Ten Pound Island Lighthouse

Oct. 22, 2019

Ten Pound Island Lighthouse, Gloucester Harbor, Gloucester, Massachusetts

Originally built in 1821, current structure built in 1881.


Station Established: 1821
First Lit: Oct. 1821
Operational: Yes 
Automated: Yes- 1934
Deactivated: 1956 – Aug. 7,1989
Foundation Material: Brick
Construction Material: Stone / Cast Iron
Tower Shape: Conical stone was replaced by Cast Iron
Markings: White with Black Lantern- Original Brown
Relationship to Other Structures: Separate
Original Lens: Argon Lamps
Tower Height: 39 feet
Range: 5 miles
Original Optic: Fifth Order Fresnel Lens 
Present Optic: 375 mm Lens in 1966 / 250 mm Lens in 1976
Characteristics: Fixed White Light- 3 second red alternating 3 seconds of darkness
First Keeper: Amos Story
Current Use: Active Aid to Navigation
Fog Signal: Now automated horn with 2 blasts every 20 seconds-previously had a fog bell
National Register Status 

Historical Information:

* In 1820 The Commonwealth of Mass chutes and the town of Glouster ceded approx. 1.7 acres to the U.S. Government for the erection of an inner Harbor Lighthouse. 
* In 1821 a 40’ stone tower, house storage shed was built for $24,200.00 
* In 1881 stone tower was replaced by the present cast iron structure. 
* There are numerous roomers on how Ten Pound Island received its name. One was for the amount of money that was paid to the Coral Indians for the property.  
* Historian Joseph Garland wrote that it was more likely named for the number of sheep in pens (also known as pounds) on the island.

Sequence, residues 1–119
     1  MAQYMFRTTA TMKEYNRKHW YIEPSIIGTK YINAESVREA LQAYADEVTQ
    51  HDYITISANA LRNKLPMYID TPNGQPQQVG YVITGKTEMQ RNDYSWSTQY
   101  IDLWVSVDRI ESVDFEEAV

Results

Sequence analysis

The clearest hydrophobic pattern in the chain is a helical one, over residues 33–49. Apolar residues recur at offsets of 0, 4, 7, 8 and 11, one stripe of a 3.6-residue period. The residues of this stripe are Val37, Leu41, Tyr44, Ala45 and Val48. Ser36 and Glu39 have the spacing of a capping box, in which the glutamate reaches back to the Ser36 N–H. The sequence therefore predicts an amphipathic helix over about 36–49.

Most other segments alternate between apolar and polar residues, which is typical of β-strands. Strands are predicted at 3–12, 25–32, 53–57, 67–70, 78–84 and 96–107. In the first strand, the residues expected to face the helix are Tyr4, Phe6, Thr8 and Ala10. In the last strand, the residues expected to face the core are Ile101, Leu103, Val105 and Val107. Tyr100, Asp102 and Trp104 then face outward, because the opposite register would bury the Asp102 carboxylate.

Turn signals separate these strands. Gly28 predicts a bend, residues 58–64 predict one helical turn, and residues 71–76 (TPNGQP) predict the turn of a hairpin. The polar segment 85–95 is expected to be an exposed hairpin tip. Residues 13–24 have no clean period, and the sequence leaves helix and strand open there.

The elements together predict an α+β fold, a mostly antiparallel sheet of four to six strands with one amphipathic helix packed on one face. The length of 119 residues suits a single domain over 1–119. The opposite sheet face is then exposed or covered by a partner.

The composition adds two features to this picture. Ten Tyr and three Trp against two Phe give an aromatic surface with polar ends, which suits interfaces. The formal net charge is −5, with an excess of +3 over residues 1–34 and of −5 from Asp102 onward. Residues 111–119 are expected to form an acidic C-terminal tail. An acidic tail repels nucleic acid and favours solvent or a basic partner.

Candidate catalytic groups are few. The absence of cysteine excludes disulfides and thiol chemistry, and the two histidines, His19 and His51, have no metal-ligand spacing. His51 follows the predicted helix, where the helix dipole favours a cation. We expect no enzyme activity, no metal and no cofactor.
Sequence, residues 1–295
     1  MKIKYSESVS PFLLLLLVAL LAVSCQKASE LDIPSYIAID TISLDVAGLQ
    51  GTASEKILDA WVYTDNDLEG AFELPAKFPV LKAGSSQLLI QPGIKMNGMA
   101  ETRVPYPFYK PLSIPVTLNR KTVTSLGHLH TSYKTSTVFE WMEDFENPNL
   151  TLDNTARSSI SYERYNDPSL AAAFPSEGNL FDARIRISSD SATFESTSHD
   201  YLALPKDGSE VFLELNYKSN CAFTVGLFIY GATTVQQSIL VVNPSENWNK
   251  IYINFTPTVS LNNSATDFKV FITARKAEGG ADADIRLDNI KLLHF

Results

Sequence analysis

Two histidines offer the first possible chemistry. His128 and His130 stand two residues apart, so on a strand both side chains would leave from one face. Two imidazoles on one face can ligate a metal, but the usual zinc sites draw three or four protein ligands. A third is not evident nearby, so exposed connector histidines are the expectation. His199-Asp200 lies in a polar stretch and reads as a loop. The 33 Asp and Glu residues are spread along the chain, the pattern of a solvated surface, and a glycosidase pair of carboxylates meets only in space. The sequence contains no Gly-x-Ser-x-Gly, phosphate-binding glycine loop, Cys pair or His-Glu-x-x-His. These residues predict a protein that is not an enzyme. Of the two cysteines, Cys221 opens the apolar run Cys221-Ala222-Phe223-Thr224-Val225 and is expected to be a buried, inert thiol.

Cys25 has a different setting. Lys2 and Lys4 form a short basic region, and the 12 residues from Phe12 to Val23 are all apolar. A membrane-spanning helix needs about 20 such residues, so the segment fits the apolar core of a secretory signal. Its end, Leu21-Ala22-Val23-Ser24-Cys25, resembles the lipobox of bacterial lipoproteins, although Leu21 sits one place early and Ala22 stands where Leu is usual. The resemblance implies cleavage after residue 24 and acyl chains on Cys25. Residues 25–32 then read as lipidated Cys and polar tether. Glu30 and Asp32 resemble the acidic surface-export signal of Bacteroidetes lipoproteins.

* Another roomer is that a ten-pound cannonball fired from Stage Fort across the harbor reached the island. 
* Ten-pound Island was the most painted. The great American artist Winslow Homer painted it. Artist Fritz Hugh Lane also painted it. 
* During Winslow Homer’s stay he stayed with the Light keeper. He painted approx. 50 painting of the island and the Lighthouse.  
* In 1925 a Coast Guard air station was placed on the island with one small scout plane. Later 2 amphibious vehicles were added to the station. The purpose of the station was to catch rumrunners in the area during Prohibition. 
* In 1956 Ten Pound Island Light was decommissioned. The Fifth Order Frensel Lens was removed and replaced by a modern optic. The modern optic was placed on the bell tower. Later it was moved to a skeleton tower.  
* The Fifth Order Frensel Lens is now in The Maine Lighthouse Museum in Rockland Maine. 
* In the late 1980’s The Lighthouse Preservation Society initiated the restoration of the lighthouse. This took two years to complete. 

Researched and written by Linda Herman, a volunteer through the Chesapeake Chapter of the U.S. Lighthouse Society.